I am unhappy with separate meta-analyses performed for individual response variables (eight in total). To me, it is more appropriate to combine all data sets and conduct an overall analysis, asking in particular whether different response variables show uniform effects; now the conclusion that “the occurrence and magnitude of facilitation in coastal dunes depended on the response variable measured” (lines 261-262) is not confirmed statistically. Only if the responses differ among variables, or among the groups of variables, the separate analyses are justified (assuming that non-independence of different response variables calculated from the same study is accounted for).
It is not clear how the authors analyzed the impacts of continuous variables on the effect sizes, because the use of meta-regression is not mentioned.
I would suggest to clearly define the study system, coastal dunes, and to include some criteria on habitat selection in the manuscript. Now it seems that the authors simply followed the terminology used in primary studies, which may well be inconsistent. There are several classifications of dunes (e.g., parallel dunes, blowouts, parabolic and transgressive dunes) – do all types of dunes show the same patterns in plant-plant interactions? Were all data collected at sea shores, or there were some data from lake and river shores involved? Some information on distribution of coastal dunes across the geographical regions would also be helpful (in connection with the detected predominance of studies conducted in temperate regions).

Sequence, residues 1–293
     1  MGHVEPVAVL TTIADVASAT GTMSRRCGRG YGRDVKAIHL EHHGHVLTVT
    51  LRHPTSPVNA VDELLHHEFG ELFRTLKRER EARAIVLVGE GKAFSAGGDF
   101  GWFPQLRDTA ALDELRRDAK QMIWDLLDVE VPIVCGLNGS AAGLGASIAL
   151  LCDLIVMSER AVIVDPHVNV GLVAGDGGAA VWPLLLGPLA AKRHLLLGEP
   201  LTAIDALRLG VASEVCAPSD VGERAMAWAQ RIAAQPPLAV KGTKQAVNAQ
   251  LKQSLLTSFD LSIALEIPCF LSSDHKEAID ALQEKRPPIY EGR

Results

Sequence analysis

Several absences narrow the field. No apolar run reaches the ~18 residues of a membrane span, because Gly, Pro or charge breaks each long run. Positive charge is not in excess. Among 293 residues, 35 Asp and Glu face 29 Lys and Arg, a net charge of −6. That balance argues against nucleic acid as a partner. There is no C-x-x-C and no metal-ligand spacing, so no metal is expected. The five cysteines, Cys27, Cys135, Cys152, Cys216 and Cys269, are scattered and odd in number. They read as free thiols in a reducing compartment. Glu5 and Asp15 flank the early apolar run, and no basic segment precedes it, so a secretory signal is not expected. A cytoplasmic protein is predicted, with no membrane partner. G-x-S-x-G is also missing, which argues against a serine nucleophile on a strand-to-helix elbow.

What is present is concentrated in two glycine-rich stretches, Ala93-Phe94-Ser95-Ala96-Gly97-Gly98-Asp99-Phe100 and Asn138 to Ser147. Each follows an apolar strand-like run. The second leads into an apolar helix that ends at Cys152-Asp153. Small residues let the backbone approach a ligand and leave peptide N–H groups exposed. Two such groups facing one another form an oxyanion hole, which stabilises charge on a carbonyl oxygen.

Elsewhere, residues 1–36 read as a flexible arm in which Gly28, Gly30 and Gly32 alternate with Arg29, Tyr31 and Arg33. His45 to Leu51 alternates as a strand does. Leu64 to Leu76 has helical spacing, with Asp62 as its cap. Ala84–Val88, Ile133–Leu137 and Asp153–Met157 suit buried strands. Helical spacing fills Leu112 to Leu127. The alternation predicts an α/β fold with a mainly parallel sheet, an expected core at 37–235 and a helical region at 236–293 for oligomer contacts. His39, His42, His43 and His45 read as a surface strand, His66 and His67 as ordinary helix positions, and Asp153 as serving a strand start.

There are many more sources of variation that can explain the differences among studies (e.g., native vs introduced species, slow vs fast growing plants, mycorrhizal vs non-mycorrhizal plants, etc.). The authors may consult several recent meta-analyses addressing different aspects of plant ecology to expand their list of classificatory variables.